A progressive coalition is targeting Rep. Tim Ryan (D-Ohio) with a five-figure television ad buy to punish him for splitting from his party and supporting measures to reduce the corporate tax rate.
Ryan incurred the wrath of the liberal-progressive wing of his party when he announced on Thursday his endorsement for business-friendly tax cuts traditionally favored by Republicans. Although Ryan earned praise from GOP members for his support of tax-cut measures President Donald Trump champions, Democrats retaliated against the Ohio congressman by launching the “Not One Penny” television ad sponsored by Not One Penny, MoveOn, Indivisible and the Progressive Change Campaign Committee.
Ryan was the first Democrat this coalition has targeted with an ad campaign, Axios reported.
"One penny — not worth much these days, right? But the richest one percent of Americans are worth hundreds of millions and even billions of these while the rest of us are scraping pennies together just to make ends meet," the ad's voiceover read. "So why is Congressman Tim Ryan helping Republicans in Congress to pass a tax bill that would give billions more to the richest?"
"Ok, so we know why. The question is, why should we let them get away with it?" the ad continued. "Let Representative Ryan know — not one penny more. Not one penny in tax cuts to millionaires, billionaires, and wealthy corporations."
The Ohio congressman told MSNBC's "Morning Joe," "I think we need to simplify the tax code, I think we need to lower the corporate tax rate."
"We can't just be the party of redistribution of wealth, we've got to be the party of creation of wealth," Ryan added, breaking from the cries of the more liberal-progressive wing of his Party clamoring for middle class tax cuts.
Ryan struck a similar note in an interview with The Hill Thursday, saying, "To be competitive globally, we have to reduce the corporate tax rate."
"We're just not competitive globally because of that," Ryan added. "We can't just be the party of redistribution of wealth; we need to be the party of the creation of wealth in communities all over the country, not to just Silicon Valley, not just Wall Street, but all over."
The comments earned Ryan praise from Republicans, and an ad from the House GOP-aligned American Action Network (AAN) thanked him and included quotes from his "Morning Joe" interview. In addition, AAN Executive Director Corry Bliss said in a statement that he hopes Ryan's remarks represent "the beginning of bipartisan tax relief because the American people deserve nothing less," The Hill reported.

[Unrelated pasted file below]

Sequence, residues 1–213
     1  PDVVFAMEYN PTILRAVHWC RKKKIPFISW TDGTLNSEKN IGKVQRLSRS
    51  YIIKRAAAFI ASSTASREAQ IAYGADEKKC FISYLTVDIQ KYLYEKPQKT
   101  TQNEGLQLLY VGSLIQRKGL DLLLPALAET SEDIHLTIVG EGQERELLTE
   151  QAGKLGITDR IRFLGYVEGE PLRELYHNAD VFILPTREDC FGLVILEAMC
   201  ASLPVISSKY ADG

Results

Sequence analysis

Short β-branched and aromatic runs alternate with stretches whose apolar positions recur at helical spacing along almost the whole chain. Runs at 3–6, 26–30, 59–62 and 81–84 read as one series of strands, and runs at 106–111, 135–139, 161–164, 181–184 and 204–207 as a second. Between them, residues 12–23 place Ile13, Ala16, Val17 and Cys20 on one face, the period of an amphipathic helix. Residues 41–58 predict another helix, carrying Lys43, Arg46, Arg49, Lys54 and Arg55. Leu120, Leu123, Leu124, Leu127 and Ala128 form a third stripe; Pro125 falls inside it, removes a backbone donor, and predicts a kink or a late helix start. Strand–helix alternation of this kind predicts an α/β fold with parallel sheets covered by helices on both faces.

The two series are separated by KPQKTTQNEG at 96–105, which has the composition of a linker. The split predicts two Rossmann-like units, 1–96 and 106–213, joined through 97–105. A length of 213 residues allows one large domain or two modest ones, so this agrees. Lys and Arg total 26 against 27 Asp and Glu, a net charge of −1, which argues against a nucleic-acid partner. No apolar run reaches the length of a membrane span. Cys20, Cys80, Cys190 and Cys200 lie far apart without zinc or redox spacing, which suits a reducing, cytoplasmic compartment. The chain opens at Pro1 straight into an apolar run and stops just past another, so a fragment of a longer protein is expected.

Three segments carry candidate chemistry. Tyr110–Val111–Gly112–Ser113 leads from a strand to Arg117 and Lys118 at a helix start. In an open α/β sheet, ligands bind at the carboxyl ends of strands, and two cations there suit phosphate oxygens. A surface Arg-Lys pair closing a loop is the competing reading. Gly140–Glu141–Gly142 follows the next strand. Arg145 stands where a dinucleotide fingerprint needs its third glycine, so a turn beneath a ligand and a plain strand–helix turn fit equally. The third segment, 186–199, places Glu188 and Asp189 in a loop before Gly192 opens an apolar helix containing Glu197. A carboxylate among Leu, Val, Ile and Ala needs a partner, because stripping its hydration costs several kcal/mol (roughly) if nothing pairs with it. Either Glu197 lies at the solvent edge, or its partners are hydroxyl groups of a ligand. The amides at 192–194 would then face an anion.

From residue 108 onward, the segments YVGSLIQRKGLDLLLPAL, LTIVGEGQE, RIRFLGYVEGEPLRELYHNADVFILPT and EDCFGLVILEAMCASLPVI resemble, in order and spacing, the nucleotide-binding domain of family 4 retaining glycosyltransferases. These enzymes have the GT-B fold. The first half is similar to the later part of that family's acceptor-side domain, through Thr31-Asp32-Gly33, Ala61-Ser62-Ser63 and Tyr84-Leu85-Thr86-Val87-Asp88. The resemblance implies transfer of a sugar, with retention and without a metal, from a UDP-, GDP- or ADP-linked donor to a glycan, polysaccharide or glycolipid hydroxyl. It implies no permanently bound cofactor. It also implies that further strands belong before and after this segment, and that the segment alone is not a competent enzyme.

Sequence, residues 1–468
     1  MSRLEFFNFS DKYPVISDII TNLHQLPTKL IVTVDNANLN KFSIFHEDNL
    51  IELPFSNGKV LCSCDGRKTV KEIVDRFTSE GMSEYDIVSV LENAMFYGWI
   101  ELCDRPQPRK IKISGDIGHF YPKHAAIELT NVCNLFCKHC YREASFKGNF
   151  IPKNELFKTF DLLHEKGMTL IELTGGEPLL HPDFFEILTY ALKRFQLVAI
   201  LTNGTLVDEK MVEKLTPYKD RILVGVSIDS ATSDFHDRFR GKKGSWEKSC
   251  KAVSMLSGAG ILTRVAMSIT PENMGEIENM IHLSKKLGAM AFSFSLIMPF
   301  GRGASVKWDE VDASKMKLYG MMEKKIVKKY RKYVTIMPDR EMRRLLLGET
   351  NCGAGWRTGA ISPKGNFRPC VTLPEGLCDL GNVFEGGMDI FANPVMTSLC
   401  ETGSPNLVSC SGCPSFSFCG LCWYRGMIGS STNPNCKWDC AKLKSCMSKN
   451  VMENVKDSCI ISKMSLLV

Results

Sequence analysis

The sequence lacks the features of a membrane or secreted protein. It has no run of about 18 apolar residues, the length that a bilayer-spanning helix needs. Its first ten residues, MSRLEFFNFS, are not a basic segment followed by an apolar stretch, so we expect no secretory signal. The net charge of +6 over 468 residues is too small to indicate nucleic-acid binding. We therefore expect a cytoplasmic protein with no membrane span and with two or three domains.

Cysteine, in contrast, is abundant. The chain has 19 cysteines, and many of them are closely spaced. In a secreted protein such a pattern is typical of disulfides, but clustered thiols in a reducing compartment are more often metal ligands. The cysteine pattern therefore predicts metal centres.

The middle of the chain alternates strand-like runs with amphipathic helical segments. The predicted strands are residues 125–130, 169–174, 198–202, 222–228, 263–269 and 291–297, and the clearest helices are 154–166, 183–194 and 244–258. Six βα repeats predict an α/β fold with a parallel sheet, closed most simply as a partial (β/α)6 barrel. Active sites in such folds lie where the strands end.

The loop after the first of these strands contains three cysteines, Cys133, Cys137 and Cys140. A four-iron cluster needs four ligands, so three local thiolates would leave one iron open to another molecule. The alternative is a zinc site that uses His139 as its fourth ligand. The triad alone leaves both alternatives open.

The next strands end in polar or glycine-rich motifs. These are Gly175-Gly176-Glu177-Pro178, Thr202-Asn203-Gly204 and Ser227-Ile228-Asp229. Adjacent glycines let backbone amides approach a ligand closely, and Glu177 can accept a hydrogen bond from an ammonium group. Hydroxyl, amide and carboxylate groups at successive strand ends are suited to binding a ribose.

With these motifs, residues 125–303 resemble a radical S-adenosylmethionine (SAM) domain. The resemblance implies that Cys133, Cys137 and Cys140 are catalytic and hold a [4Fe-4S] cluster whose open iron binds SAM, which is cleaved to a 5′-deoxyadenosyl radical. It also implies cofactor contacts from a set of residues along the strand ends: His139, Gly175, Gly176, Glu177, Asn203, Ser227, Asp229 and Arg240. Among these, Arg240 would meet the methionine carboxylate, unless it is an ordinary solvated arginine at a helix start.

The Trump administration and congressional Republicans have signaled that delivering business-friendly tax reform that will boost the economy and jobs landscape is a top priority for the fall. After Congress' failure to deliver on its promise to repeal and replace Obamacare and its inability to pass any major legislative item, both Congress and the White House are in desperate need of a significant victory.
Although some Democrats have signaled that they are willing to work with Republicans on delivering tax relief measures, most Democrats appear unwilling to back measures that cut taxes for corporations.
"Instead of offering the American people a plan for real, job-creating tax reform, President Trump is pushing a billionaires-first, trickle-down tax scheme that hands out massive tax cuts to the wealthiest, at the expense of American families," House Minority Leader Nancy Pelosi (D-Calif.) said in a statement.
MoveOn.org Chief Communication Officer Nick Berning said of Ryan's stance, "Big corporations don't pay their fair share of taxes, but Rep. Ryan thinks they need even more tax cuts? That's absurd, and an affront to the voters of his district," Axios reported.
But Ryan remains convinced that business-friendly tax reform holds the key to unlocking economic growth for struggling Americans both in his Midwest district and across the country.
“If we could figure out the big economic question, which really is how do we get wealth out of the coasts and into the industrial Midwest and start creating real jobs by the hundreds, if not by the thousands, in places like I represent, that's a game-changer for me."
Ryan, who unsuccessfully challenged the unpopular Pelosi for her leadership position in November, repeatedly has called on his party to ditch identity politics and reconnect with working-class Americans.
The Ohio congressman has also hinted at a possible 2020 bid for president. Reports indicate Ryan is in the beginning stages of assembling a 2020 campaign team, and the moderate Democrat is slated to appear at an Iowa steak fry later this month.
"I have no idea at this point, but we'll see," Ryan told WMUR's "Close Up" in an interview in late August while discussing a potential presidential bid. "I like being out around the country. I like talking about this. I like crafting the message, and I think, you know, maybe the country needs somebody from a place like Youngstown, Ohio, that has tried to develop the local economy at the local level."
Ryan added that his top priority is championing "forgotten America" and workers hurt by the globalist trends sweeping across Europe.
(photo credit, homepage and article images: Tim Evanson)